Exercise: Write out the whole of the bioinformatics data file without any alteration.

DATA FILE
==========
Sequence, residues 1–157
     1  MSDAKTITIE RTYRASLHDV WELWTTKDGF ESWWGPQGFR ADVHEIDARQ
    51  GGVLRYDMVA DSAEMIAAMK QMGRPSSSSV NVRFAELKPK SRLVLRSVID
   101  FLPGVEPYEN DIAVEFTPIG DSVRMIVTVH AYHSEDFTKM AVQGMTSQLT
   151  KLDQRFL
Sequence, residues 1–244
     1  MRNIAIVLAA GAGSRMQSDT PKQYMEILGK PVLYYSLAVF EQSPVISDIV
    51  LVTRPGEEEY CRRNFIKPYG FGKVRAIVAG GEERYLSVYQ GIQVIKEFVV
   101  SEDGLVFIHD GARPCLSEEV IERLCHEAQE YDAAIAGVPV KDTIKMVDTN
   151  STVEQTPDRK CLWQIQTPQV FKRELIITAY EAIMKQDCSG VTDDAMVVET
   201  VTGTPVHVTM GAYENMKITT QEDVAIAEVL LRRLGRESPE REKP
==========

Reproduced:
Sequence, residues 1–157
     1  MSDAKTITIE RTYRASLHDV WELWTTKDGF ESWWGPQGFR ADVHEIDARQ
    51  GGVLRYDMVA DSAEMIAAMK QMGRPSSSSV NVRFAELKPK SRLVLRSVID
   101  FLPGVEPYEN DIAVEFTPIG DSVRMIVTVH AYHSEDFTKM AVQGMTSQLT
   151  KLDQRFL
Sequence, residues 1–244
     1  MRNIAIVLAA GAGSRMQSDT PKQYMEILGK PVLYYSLAVF EQSPVISDIV
    51  LVTRPGEEEY CRRNFIKPYG FGKVRAIVAG GEERYLSVYQ GIQVIKEFVV
   101  SEDGLVFIHD GARPCLSEEV IERLCHEAQE YDAAIAGVPV KDTIKMVDTN
   151  STVEQTPDRK CLWQIQTPQV FKRELIITAY EAIMKQDCSG VTDDAMVVET
   201  VTGTPVHVTM GAYENMKITT QEDVAIAEVL LRRLGRESPE REKP